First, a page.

Luxembourg: Subsidies for print and online media

Sinking readership numbers, vanishing advertising revenues and a lack of online business models are threatening the pluralistic media of the Grand Duchy of Luxembourg. The state offers assistance for print media - but only a few are benefitting.

Europe's largest private television and radio company, the RTL Group (© picture-alliance/dpa)
Europe's largest private television and radio company, the RTL Group (© picture-alliance/dpa)
Luxembourg's two publishing houses, Saint-Paul and Editpress, have been rivals for decades. The competition between the former, which is closely affiliated with the Christian Democrats, and the latter, which is pro-Democrat, grew even more intense after 2007, when both began publishing free newspapers that were hugely popular with their readers. The French-language free newspaper L'essentiel, published by Editpress, today reaches more than 200,000 readers in Luxembourg and the bordering regions. Its online news site gets the highest number of clicks in the country.

Since the introduction of free newspapers most fee-based dailies have seen a decline in their reader figures. This was true for the Tageblatt, published by Editpress, as well as the liberal Lëtzebuerger Journal and the communist newspaper vum Lëtzebuerger Vollek. La Voix du Luxembourg, the French-language pendant to Luxemburger Wort, had to close in 2011. Thanks to their e-paper services both Luxemburger Wort and the French-language website of Editpress, Le Quotidien, have seen a slight increase in their reader numbers.

In Luxembourg the state pays millions in subsidies for the print media, but it is mainly the three market leaders that benefit from this. Tageblatt, Luxemburger Wortand Le Quotidien received the lion’s share of the 7.4 million euros handed out in 2017 to ten print media outlets. In the same year seven online papers received funding for the first time: 100,000 euros apiece.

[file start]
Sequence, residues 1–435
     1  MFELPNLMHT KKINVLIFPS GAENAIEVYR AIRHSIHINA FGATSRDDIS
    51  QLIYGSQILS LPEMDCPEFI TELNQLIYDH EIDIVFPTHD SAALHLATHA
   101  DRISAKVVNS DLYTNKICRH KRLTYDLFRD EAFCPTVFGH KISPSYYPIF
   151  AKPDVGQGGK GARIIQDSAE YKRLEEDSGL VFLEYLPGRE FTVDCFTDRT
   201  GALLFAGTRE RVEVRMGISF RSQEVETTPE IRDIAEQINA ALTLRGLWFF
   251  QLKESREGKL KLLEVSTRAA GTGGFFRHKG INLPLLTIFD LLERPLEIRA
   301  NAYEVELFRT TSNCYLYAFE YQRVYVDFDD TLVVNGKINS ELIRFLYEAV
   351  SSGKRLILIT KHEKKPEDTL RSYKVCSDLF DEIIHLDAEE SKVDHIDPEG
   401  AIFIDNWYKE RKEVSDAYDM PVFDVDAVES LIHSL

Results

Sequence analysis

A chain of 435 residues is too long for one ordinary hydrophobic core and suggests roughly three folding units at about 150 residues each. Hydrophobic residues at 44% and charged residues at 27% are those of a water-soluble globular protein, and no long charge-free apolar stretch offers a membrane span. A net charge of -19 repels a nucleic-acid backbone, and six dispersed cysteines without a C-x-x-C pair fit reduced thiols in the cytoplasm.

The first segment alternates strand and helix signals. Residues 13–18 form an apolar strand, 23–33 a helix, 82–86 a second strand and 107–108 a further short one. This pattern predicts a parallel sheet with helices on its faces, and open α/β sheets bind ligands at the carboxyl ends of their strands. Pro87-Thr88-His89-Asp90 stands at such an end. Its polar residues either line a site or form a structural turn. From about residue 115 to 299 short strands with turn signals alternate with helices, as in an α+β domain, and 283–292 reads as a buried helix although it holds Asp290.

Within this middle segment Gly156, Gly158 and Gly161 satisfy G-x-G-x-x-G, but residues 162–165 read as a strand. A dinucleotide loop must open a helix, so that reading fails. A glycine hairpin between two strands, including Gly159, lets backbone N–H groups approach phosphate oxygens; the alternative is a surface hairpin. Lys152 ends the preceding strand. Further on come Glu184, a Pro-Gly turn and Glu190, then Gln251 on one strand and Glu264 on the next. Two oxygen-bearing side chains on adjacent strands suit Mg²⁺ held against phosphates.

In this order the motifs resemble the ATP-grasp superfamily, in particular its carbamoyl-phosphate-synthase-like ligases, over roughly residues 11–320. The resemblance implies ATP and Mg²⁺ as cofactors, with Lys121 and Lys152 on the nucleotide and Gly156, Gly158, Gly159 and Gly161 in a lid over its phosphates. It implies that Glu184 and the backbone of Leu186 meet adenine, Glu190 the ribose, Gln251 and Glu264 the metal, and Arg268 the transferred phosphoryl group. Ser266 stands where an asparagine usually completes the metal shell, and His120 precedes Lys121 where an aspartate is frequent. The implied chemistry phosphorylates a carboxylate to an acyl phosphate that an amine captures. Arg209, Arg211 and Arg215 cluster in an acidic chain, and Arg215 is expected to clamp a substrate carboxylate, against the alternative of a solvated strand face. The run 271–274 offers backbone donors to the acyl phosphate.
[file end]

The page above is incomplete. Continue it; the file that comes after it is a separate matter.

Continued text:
Among the magazines, both the cultural magazine Télécran and Revue have seen their readership figures drop. Others, such as the political weeklies Le Jeudi, D'Lëtzebuerger Land, Woxx and the monthly business magazine Paperjam have benefitted from the losses experienced by the daily newspapers.

The Portuguese-language (Contacto, Correio) and English-language (Delano) magazines are noteworthy elements of Luxembourg's media landscape. Foreigners account for more than 40 percent of Luxembourg's population and multilingualism is a strong feature of Luxembourg society. There are three official languages: German, French and Luxembourgish. Most newspapers, however, appear only in German or French; Luxembourgish is seldom used as a written language but is widely used for radio.

Luxembourg is home to Europe's largest private television and radio company, the RTL Group. In Luxembourg itself, RTL operates the main television channel RTL Télé Lëtzebuerg and enjoyed a monopoly position until 1991. The only French-language radio station, l'Essentiel, went on air in 2016 as an offshoot of the free newspaper of the same name.

Press Freedom Index (Reporters Without Borders):
Rank 17 (2018)

Last updated: May 2018
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